WASHINGTON — President Barack Obama on Monday tentatively embraced a Russian diplomatic proposal to avert a U.S. military strike on Syria by having international monitors take control of the Syrian government's chemical weapons. The move added new uncertainty to Obama's push to win support among allies, the American public and members of Congress for an attack.
He is expected to address the nation tonight.
In a series of television interviews with six cable and broadcast networks, Obama capped a remarkable day of presidential lobbying for military action and a dizzying series of developments at home and abroad. Sergey Lavrov, the Russian foreign minister, said early Monday that Syria could avoid an attack by putting its chemical weapons in the hands of international monitors, an idea that was quickly praised by top officials in Syria and among some lawmakers in the United States.
"It's possible," Obama said on CNN of the Russian proposal, "if it's real."
Obama called the proposal a "significant breakthrough" in an interview with NBC Nightly News, and he said on PBS's News-Hour that he had discussed the plan with Russian President Vladimir Putin during the Group of 20 summit last week in Russia.
But after two weeks of pressing the need for a U.S. strike, Obama also said he remains skeptical that Syrian President Bashar Assad would agree to the idea. If he does, Obama told ABC News, he would "absolutely" hold off on a military strike.
"This may be a first step in what potentially could be an end to terrible bloodshed and millions of refugees throughout the region that is of deep concern to us and our allies," Obama said on CBS Evening News.
Obama's statements opening the door to the plan, which appeared to offer him an exit strategy for a military strike he had been reluctant to order, came as support on Capitol Hill for a resolution authorizing force was slipping. Even some lawmakers who had announced support for it reversed course.
Sen. Harry Reid of Nevada, the majority leader, said Monday evening that he would not force an initial vote on the resolution on Wednesday, slowing Senate consideration at least until next week. Democrats said they had enough votes to overcome a filibuster but possibly not enough to pass it.
The diplomatic advance came as evidence mounted that Obama's request for congressional approval for a strike remained widely unpopular, both in Congress and with the American people, despite a public push that has included impassioned presentations in recent days by Secretary of State John Kerry, national security adviser Susan Rice and United Nations Ambassador Samantha Power.
Hillary Rodham Clinton, former secretary of state, made her first public comments supporting military action.
Informal counts found House members who said they planned to vote "no" far outnumbering those willing to say they would vote "yes," and a new McClatchy/Marist poll of U.S. public opinion showed nearly 3-1 opposition among registered voters to military action.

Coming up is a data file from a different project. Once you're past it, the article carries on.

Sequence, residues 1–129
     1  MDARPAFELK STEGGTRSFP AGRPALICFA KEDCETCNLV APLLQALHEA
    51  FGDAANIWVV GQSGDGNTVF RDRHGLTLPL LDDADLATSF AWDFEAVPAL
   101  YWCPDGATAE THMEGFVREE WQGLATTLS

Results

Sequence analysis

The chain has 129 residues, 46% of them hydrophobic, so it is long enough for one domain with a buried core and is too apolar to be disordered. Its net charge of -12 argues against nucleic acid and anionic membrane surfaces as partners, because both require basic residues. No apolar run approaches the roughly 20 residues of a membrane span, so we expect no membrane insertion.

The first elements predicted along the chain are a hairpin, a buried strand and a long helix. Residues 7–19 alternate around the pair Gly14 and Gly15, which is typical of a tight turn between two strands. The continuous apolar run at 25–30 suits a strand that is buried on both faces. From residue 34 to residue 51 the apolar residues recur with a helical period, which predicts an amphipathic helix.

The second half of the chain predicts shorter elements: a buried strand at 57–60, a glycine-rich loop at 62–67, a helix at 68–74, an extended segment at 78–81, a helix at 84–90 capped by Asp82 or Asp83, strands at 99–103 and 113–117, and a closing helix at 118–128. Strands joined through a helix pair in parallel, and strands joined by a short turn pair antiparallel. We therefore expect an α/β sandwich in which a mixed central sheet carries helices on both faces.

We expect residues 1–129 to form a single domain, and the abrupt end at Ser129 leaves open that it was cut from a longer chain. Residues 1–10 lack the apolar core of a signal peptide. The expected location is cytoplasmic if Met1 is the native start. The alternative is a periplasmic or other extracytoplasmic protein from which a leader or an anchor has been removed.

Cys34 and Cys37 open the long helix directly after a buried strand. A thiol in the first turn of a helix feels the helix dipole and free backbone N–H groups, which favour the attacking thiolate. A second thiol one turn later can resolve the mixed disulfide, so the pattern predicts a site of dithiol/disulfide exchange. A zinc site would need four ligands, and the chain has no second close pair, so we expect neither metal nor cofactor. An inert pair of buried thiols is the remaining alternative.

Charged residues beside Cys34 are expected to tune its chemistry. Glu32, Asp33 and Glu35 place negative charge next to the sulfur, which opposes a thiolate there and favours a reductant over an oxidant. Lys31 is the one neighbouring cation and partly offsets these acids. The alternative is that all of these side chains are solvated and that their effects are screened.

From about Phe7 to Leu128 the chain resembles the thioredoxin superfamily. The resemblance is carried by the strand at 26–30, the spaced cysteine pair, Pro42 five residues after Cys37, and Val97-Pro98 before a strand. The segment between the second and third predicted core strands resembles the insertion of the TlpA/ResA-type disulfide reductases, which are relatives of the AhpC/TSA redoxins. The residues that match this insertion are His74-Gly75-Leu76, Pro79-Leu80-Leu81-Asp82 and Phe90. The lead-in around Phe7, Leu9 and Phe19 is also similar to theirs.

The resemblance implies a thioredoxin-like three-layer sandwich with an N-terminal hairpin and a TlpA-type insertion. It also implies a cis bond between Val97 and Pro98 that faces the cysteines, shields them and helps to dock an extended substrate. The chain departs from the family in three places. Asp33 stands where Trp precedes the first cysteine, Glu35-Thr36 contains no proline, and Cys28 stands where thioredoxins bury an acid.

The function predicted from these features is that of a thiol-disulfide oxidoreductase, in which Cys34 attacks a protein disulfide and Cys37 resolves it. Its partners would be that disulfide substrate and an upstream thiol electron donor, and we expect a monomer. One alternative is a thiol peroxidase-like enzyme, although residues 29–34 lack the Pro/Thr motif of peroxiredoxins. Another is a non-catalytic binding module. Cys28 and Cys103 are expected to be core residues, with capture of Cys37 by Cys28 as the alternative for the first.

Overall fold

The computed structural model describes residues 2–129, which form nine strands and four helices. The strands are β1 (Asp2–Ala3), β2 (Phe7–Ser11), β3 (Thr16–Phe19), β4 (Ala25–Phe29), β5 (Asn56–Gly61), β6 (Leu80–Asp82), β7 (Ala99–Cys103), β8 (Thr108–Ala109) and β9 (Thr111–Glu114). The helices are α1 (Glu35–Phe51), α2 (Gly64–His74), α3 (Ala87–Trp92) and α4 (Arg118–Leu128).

The sudden possibility of a diplomatic solution came as Assad launched a public relations campaign of his own, granting an interview to American television.
Speaking to interviewer Charlie Rose, Assad denied using chemical weapons and warned that if the U.S. struck Syria, "you should expect everything," apparently referring not only to potential retaliation from Syrian forces, but also to fallout from his allies Iran and the Lebanese militant group Hezbollah.
Obama said repeatedly that Assad does not have a "credible means to threaten the United States," but he acknowledged that Assad's allies, including Iran and Hezbollah, could engage in terrorist strikes against the United States.
Obama said on NewsHour that he and Putin had been talking about the proposal for Assad to surrender control of his chemical weapons "for quite some time."
The development, however, seemed to catch much of Washington unawares.
There were no further details on how such an undertaking could happen, especially the logistics of getting international inspectors to sites.
Obama said he knows he faces an uphill battle in persuading Americans to support the strikes. He said on PBS that he does not think he will convince the overwhelming majority of the American people that he should take action. Even members of his own family are "suspicious" of military intervention, he said. But, Obama said, he believes he can make a "very strong case" to the nation.
Obama made it clear that he recognizes that congressional authorization is by no means assured. "I wouldn't say I'm confident," he said on NBC.
Lawmakers, some of whom are opposed to the strikes, hailed the Russian proposal.
Sen. Richard Durbin, D-Ill., said he saluted any diplomatic "effort to resolve this in a verifiable way and do it with dispatch."
Sen. Dianne Feinstein, D-Calif., chairman of the Senate Select Intelligence Committee, said she would welcome Syria's transfer of its chemical weapons to international monitors for destruction, to prevent a military strike.
But some lawmakers were skeptical.
"How would you know how many chemical weapons they turn over?" said Rep. Lynn Westmorlend, R-Ga.. "This is another ad lib statement someone gave in a speech.''
Information from McClatchy Newspapers and the New York Times was used in this report.